He reset the alarm and gave himself an extra hour before he went back to his drawing board. Music from Casting Crowns kept him in a focused mood and afforded him occasion for prayer and meditation as he worked. He was temporarily distracted when he heard a car engine come to a halt outside the house. He concluded his neighbors just returned from one of their late nights out and feared that one of them would still be in a party mood and do their characteristic playing of loud music. There were few regrets in his life; one of them was leasing out the house next door to a bunch of spoilt, university boys. Apart from the loud music, they constantly destroyed the facilities and Ishi always paid from his pocket to fix them. He couldn’t wait for their rent to expire. He planned on letting Kyenpia choose the next new tenants; she had an aptitude for fishing out trouble by just looking into the eyes of its carriers.

The doorbell rang and Ishi’s hands stopped moving. Who would be paying him a visit at this ungodly hour? He stared at the door and wondered if he should go for it as the bell rang a second time. Another door opened and closed somewhere in the house and seconds later, his younger sister, Leah, walked out like a zombie and was heading for the front door when Ishi called her back.

She turned around, gave him a bad eye.”So you’re here, and you let me wake up from sleep.”

“I’m sorry. Go back to bed, Lee.”

The bell rang one more time and Ishi put his pencil behind his ear and went for the door. When he looked through the peephole, he was surprised at whom he found standing at his doorstep. Twisting the key twice, he unlocked the door and opened it.

Inspector Etim strode into the house like he owned it, tugging at the waistband of his pants. Even at that time in the night, he was dressed in a corporate outfit – a safari suit and a pair of shiny shoes.

“Good morning, sir,” Ishi greeted.

The man was a close friend to the family and had helped Ishi a few times with police cases. Etim was one man that made friends across ages. Ishi was one of them.They shook hands and Etim announced his reason for visiting.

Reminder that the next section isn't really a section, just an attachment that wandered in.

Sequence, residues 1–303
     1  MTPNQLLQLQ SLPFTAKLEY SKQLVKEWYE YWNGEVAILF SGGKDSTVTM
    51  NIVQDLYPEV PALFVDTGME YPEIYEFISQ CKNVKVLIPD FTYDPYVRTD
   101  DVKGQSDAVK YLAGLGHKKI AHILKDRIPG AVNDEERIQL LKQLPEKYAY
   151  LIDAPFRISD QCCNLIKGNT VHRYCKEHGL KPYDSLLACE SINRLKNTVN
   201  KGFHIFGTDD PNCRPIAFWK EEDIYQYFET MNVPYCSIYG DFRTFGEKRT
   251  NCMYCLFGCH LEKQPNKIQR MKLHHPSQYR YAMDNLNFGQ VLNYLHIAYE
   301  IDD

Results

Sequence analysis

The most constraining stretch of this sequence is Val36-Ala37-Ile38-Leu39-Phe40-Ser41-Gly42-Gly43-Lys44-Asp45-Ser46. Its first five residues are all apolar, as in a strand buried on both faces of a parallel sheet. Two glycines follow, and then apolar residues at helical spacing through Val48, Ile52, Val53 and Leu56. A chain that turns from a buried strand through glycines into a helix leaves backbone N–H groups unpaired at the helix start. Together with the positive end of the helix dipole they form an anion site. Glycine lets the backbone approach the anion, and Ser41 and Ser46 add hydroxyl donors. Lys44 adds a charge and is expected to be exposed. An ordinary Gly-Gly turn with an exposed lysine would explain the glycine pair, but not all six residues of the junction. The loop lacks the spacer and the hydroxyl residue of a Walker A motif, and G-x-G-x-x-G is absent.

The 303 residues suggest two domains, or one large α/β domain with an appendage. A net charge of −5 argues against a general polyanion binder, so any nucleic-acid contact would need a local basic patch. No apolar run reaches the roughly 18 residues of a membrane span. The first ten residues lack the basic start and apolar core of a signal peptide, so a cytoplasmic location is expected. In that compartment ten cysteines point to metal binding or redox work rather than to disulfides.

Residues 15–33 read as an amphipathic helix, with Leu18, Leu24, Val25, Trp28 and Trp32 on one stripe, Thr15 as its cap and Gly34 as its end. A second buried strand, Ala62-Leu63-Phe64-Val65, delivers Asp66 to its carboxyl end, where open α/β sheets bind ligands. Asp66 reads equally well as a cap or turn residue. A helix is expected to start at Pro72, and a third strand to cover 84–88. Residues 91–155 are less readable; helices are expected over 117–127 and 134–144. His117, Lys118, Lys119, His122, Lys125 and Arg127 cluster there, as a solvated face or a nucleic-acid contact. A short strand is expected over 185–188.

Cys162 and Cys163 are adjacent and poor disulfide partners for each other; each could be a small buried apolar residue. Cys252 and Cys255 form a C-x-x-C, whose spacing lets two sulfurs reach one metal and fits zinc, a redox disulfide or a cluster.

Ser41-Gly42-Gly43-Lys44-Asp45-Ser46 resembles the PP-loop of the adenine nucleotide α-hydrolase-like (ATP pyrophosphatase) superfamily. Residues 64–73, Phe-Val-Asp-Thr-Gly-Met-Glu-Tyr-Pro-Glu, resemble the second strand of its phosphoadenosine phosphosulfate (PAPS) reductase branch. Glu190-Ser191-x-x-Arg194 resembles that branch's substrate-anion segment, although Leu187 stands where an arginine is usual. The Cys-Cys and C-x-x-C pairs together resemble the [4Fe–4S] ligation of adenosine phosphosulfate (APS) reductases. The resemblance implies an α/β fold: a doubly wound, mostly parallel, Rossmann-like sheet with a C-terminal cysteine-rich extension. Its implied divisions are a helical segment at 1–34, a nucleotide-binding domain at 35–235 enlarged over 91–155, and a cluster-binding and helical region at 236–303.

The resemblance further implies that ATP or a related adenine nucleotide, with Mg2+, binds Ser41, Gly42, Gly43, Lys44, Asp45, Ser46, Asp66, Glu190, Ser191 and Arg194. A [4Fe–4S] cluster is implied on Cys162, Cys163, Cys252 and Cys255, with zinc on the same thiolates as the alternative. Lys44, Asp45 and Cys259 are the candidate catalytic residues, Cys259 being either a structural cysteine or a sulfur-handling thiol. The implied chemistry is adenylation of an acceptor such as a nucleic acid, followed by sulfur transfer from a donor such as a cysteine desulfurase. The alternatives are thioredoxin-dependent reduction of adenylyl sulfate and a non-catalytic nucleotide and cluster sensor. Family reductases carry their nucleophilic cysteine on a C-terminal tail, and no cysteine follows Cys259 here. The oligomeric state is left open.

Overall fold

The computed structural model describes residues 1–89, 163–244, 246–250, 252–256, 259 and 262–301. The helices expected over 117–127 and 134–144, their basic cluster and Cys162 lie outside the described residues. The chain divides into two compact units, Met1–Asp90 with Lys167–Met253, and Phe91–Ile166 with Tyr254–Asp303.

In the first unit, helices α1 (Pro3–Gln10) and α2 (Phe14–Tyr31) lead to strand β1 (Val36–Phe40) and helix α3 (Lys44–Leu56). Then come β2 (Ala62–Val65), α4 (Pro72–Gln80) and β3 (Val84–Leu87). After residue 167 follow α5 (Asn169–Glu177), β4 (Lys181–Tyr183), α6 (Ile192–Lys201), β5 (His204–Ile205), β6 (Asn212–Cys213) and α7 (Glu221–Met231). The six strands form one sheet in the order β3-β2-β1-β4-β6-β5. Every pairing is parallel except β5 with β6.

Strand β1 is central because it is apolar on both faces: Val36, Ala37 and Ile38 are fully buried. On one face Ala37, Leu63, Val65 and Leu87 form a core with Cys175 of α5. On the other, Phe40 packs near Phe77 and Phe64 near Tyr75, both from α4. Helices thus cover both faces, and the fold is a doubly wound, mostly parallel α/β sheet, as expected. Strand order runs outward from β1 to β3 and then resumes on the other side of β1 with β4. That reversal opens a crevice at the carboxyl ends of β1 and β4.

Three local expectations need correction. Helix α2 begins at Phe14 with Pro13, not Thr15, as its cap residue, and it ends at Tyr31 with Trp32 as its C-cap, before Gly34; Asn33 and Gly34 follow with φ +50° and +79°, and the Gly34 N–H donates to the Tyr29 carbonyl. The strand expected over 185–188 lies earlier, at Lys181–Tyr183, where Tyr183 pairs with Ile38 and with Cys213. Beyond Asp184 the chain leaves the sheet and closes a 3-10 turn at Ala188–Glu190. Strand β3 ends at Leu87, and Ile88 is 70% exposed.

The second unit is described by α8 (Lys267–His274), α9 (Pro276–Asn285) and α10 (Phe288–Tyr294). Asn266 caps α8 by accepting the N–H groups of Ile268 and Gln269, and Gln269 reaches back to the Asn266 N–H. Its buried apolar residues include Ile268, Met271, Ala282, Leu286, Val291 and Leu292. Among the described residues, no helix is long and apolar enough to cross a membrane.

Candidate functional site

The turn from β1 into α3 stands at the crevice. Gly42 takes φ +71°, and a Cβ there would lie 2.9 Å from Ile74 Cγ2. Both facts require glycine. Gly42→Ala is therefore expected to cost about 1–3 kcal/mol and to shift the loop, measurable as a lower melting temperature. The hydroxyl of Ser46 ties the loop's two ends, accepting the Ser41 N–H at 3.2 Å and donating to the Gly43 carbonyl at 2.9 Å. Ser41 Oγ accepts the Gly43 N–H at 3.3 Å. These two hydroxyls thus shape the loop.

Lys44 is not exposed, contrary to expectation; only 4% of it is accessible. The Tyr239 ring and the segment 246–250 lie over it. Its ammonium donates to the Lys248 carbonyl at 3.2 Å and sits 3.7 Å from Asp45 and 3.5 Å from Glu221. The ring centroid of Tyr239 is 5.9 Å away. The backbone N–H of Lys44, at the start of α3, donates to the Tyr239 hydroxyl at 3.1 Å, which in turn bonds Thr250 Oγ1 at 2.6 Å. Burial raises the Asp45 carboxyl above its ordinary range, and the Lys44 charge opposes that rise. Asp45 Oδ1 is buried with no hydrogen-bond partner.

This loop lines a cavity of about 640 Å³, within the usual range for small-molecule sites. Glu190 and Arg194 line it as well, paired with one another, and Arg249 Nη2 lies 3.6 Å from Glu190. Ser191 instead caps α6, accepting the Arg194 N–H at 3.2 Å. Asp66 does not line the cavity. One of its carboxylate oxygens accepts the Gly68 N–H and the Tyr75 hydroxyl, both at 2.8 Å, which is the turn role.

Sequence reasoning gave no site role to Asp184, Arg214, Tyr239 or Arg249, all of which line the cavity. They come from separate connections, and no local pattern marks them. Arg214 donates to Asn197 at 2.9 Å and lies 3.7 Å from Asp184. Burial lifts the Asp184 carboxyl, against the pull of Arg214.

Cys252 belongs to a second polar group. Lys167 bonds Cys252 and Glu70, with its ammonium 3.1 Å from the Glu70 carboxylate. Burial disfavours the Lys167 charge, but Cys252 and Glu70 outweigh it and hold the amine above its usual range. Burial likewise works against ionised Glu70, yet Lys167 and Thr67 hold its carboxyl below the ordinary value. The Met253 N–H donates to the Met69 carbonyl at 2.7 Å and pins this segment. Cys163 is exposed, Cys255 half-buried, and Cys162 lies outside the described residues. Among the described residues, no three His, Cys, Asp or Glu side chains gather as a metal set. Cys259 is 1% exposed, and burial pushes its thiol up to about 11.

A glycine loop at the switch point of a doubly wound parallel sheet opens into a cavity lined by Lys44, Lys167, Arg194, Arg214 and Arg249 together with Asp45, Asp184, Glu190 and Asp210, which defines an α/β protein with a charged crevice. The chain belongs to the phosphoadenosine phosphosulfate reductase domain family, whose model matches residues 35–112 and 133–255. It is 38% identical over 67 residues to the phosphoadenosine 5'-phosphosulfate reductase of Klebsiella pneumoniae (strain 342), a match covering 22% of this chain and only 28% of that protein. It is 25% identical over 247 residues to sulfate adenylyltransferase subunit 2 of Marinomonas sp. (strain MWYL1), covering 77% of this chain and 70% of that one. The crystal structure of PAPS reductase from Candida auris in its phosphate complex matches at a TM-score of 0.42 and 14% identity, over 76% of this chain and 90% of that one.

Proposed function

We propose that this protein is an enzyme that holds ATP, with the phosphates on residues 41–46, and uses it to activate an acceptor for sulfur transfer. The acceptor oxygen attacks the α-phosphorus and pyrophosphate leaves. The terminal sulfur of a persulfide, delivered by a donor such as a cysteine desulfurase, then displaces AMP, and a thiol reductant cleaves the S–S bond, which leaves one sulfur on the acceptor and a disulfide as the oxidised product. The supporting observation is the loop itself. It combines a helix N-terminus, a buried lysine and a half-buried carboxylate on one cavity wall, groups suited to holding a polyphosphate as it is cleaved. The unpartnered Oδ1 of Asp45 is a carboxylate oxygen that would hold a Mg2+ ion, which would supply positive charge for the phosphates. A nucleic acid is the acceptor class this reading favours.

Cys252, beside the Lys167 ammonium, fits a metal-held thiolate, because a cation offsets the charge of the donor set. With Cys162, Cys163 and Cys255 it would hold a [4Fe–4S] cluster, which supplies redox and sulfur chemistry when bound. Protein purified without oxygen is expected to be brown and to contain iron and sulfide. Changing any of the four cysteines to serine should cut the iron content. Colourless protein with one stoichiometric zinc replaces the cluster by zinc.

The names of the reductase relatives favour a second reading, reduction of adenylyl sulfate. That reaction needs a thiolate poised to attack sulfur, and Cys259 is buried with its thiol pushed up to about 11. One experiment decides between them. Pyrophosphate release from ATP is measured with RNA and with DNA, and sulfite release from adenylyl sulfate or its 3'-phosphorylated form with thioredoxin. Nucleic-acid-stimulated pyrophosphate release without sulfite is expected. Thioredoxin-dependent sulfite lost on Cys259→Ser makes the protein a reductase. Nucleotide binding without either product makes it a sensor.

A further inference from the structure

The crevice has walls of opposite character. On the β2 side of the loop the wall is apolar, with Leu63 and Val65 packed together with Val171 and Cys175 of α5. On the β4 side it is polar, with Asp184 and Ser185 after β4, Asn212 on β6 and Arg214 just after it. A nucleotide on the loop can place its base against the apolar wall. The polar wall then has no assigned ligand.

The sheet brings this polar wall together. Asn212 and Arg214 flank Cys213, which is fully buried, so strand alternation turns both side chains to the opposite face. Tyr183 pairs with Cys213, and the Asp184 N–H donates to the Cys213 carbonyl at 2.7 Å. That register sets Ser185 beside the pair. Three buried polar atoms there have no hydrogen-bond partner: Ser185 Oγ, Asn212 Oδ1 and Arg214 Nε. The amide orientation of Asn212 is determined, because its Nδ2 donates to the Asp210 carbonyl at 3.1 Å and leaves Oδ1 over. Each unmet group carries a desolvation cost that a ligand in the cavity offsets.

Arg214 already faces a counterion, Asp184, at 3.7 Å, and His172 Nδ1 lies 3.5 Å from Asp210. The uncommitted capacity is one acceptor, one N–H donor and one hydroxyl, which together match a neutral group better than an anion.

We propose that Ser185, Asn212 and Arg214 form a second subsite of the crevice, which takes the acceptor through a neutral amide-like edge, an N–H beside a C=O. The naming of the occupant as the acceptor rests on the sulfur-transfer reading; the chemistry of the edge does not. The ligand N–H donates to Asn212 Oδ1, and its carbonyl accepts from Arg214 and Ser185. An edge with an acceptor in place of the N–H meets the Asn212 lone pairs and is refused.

“Get dressed and follow me. I need you to meet someone from your past.”

”Sir, is everything okay?” Ishi asked.

“Yes. Everything’s good. Just wear something and meet me in my car outside.”

Ishi still wasn’t convinced all was well. Based on Lanre’s telling, Etim was a good informant for 43, having himself investigated the Cabal for years. Was his presence at the house centered on 43 and the Cabal? Was it okay for him to ask him that?”

“I’ll be waiting.”

Etim left the house and Ishi stood a few seconds longer, watching the door. Eventually, he walked into his bedroom and did as he was told, slipping into a pair of discarded jeans he found on his bed. He picked his phone and glasses from his work area in the sitting room and left the house.

Etim’s car was parked just outside the gate and Etim was waiting beside it. The weather was cold; Ishi could feel the hairs on his skin rise over spreading goosebumps. Etim got in and the front passenger door was thrown open to let Ishi in. Ishi stepped into the car. The moment he shut the door, a friendly pat from a hand coming from the backseat tapped him and he turned. Lanre and David were seated behind. They both burst out laughing and Ishi gave them a surprised look.

“They said you weren’t going to go with them if they asked,” Etim explained. “Therefore they made me messenger.”

Ishi was frowning now. “Shey I don tell una not to involve me for dis Cabal issue. Abeg.”

The car started.

“I’m sorry, boy. You’re already involved.”

Ishi turned around and sat straight to strap on his seatbelt.

“So where are we going?” he asked.

“Enjoy the ride.”

Etim pressed a button on his dashboard and Fela’s music broke into their ears as the car left the premises.